Costume jewelry Christmas trees — 17 glittery glamorous photos

I saw my first framed vintage costume jewelry Christmas tree — pearls, rhinestones, brooches, earrings, bracelets, charms and pins all artfully arranged and glued onto black velvet — about 10 years ago when I visited my Dad’s hometown of Aneta, North Dakota. It was still hanging in the living room of an old friend of the family, who had made it decades earlier. She told me that back in the day, women saved their costume jewelry when it broke. (That explains why you sometimes see jars full of broken costume jewelry at estate sales.) Then, before the holidays, they would all get together and use the bits to make Christmas trees or crosses. I presume they traded its and bits. What a lovely art form.

Of course, absolutely mesmerized, I tried to buy the lovely, gracious woman’s costume jewelry Christmas tree, or the cross, right off the wall. She really seemed to consider my offer, possibly because she had never seen anyone go so crazy over something she’d made. In the end, though, she wouldn’t sell them. Fast forward 10 years, and of course I’ve been collecting lots of broken jewelry and have enough to do my own. Next year: I’m inviting a friend over for tree-making!

I was reminded of all this when several readers uploaded photos of their vintage costume jewelry Christmas trees in our weekend uploader — 375+ photos!!

Above: Naomi’s costume jewelry Christmas tree. She wrote:

“My fiance’s mother made this for him years ago… There are even lights on it!” 

jewelry-christmas-treeAbove, a tree uploaded from a mystery reader, who said:

This is one of my most treasured pieces. It was made by a dear family friend using old costume jewelry from her aunt’s estate. Look closely and you will find old brooches, earrings, and charms that individually aren’t worth much but set together like this becomes an heirloom.


costume-jewelry-christmas-treeAbove: Kristy H. says that her costume jewelry tree also has lights!

vintage-costume-jewelry-christmas-trees-with-lightsAbove: And here they are!

jewelry-christmas-treeAbove: Carolyn’s gorgeous costume jewelry Christmas tree.

jewelry-vintage-christmas-treeAbove: Two from LuAnn, first shared on our Facebook page and used here with permission, who says: 

Here are two that I just saw in a retirement home lobby that a woman that lives there made ! Stunning in person !

christmas-tree-made-from-costume-jewelryAbove: Featured on our Facebook page and used with permission. Lucky Kristi said:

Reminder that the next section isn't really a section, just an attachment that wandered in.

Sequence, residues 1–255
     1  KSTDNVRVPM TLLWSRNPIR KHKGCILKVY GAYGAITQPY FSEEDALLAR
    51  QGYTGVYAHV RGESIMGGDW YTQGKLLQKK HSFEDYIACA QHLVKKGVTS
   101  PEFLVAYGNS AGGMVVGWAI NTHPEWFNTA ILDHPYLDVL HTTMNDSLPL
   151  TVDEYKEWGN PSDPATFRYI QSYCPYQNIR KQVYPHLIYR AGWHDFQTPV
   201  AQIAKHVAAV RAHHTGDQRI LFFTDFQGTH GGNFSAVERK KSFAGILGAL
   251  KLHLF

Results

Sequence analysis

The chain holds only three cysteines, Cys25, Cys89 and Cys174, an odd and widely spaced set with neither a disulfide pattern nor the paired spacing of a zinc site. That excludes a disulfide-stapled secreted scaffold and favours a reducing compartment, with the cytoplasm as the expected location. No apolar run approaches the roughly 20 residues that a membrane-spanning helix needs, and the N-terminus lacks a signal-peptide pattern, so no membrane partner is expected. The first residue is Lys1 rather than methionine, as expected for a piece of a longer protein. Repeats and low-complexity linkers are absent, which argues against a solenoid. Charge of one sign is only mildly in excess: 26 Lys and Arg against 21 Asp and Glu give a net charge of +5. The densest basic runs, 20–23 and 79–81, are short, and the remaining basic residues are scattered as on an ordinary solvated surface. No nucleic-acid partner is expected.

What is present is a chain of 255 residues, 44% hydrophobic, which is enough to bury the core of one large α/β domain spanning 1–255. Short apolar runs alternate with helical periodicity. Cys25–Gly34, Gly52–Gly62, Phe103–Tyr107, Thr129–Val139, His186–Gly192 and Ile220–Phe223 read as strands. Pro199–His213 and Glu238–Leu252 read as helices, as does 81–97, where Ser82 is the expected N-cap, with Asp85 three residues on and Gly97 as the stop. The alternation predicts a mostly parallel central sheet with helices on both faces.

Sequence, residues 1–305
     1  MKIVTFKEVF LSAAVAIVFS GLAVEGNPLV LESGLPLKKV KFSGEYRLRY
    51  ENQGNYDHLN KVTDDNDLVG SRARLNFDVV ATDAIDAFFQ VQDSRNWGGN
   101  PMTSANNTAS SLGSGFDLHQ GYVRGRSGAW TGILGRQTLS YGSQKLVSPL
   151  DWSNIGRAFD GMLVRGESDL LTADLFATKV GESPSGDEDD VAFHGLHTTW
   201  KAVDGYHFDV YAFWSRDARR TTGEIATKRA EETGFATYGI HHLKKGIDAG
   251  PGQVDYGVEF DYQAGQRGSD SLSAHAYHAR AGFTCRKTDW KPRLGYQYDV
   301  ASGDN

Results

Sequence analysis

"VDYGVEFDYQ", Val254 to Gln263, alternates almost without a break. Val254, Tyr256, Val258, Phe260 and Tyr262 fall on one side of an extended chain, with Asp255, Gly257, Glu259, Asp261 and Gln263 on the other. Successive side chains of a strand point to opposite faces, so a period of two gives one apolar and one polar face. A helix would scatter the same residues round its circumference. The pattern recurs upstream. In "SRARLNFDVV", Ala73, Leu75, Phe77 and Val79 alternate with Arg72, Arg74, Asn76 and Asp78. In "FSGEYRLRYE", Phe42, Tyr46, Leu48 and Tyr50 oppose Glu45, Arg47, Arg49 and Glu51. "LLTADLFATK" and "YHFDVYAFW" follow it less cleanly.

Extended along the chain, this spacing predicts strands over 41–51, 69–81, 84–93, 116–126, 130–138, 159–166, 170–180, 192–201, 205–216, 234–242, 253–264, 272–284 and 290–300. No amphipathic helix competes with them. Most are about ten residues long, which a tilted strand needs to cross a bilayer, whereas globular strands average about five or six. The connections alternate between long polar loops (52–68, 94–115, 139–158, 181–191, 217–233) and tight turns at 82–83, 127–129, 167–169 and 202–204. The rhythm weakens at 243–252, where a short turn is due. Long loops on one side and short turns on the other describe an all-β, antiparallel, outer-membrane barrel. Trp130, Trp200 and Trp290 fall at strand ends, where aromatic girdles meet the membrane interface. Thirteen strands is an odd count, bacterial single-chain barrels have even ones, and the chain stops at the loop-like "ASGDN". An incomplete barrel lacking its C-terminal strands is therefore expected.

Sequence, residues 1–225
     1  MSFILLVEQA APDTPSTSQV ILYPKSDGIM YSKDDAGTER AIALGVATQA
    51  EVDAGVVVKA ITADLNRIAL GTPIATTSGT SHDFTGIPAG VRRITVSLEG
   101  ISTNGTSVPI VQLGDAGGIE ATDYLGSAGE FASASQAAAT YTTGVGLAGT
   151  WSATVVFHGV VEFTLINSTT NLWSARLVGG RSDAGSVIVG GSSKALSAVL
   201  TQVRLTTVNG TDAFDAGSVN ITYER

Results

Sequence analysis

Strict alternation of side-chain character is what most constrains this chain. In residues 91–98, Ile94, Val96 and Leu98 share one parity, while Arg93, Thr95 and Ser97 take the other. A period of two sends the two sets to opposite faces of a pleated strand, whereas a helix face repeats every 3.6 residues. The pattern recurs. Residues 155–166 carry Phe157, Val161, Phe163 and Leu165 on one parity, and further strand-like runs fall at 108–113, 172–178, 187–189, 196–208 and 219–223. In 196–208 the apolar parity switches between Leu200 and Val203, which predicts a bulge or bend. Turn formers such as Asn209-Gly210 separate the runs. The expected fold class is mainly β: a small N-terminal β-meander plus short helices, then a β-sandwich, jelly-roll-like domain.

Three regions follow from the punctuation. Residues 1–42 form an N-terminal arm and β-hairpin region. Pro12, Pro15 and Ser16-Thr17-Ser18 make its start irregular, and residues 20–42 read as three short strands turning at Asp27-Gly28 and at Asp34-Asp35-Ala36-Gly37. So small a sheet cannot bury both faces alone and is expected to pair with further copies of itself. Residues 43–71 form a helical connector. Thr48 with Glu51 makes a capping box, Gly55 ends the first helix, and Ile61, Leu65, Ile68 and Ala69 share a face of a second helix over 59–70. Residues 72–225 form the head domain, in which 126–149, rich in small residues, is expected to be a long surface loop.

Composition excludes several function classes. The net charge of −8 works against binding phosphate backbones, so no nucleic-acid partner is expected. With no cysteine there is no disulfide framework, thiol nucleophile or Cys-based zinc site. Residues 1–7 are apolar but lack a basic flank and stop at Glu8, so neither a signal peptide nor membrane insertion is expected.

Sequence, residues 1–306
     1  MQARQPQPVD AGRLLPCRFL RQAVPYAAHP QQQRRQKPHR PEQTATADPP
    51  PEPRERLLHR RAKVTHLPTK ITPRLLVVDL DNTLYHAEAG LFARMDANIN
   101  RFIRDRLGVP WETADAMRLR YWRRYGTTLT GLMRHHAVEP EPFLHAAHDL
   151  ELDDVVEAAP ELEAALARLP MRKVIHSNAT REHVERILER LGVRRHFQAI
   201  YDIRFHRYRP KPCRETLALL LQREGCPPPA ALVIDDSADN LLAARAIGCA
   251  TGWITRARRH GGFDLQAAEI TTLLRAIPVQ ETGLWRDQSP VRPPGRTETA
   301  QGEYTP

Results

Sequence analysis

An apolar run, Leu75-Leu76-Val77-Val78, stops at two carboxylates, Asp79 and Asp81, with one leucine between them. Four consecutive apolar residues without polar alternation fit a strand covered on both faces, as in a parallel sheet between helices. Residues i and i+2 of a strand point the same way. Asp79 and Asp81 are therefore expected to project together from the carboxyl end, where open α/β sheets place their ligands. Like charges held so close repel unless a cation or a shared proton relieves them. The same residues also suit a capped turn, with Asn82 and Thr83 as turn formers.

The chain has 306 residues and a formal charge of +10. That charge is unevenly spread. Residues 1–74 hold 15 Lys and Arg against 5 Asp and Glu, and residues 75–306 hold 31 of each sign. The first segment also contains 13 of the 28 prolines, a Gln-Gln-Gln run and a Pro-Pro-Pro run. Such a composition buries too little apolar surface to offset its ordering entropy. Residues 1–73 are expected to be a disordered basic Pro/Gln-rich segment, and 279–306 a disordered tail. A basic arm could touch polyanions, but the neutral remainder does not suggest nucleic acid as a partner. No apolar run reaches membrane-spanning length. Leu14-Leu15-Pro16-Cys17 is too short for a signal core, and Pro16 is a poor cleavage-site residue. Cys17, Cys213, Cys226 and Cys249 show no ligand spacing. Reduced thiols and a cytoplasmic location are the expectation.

Found mine at a flea market for $1. It’s one of my favorite decorations!

framed-christmas-tree-costume-jewelryAbove: Featured on our Facebook page and used with permission.Teresa said:

I adore these. Anybody who knows me knows aqua is my color so I’m so happy to have found this at a yard sale.

broken-jewelry-christmas-treeAbove: Shelley’s is a family heirloom. First shown on our Facebook page, used here with permission. She explains:

My grandmother used to make these and she’s no longer with us. So now I cherish mine even more.

christmas-tree-made-from-old-pins-broochesAbove: This one looks to be made entirely from old pins — our grandmothers would have called them “brooches”. Originally featured on our Facebook page and used here with permission, Taylor explains:

I made one out of vintage family jewelry my mom gave me!

costume-jewelry-christmas-treeAbove: Added by a mystery reader in a follow-up uploader. She/he said:

I saw the story about these, and I love the one I found a few years ago, so I thought I’d add to the collection – a little out of focus…

vintage-costume-jewelry-christmas-treeAbove: Featured to our Facebook page and used here with permission. Mary says:

My mother-in-law made one for us utilizing my husbands grandmothers old costume jewelry. I think it’s wonderful! I wish I had one from my grandmother jewelry as well!

broken-costume-jewelry-christmas-treeAbove: Dawn added this one to our Facebook page, now used here with permission. It’s also a family treasure, she says:

My Mom made this one. I will cherish it forever.

costume-jewelry-christmas-treeAbove: Here’s one made of just rhinestones, spotted at an estate sale of a couple who ran estate sales (Take some time to think about that.)


Above, reader Nancy Long said:

Close-up of the jewelry picture. The jewelry picture has tiny Christmas lights I found this at an antique mall about 10 years ago. I see something new every year. 


And above, not a jewelry tree, but an embroidered tree that includes sequins. Such lovely needlecraft. Mystery reader said:

Look closely and you will see little white doves and snow flakes on the silver tree.

how to make art from jewelry tutorial
Wanna make your own? See my tutorial: How to make a vintage costume jewelry Christmas tree
broken costume jewelry christmas tree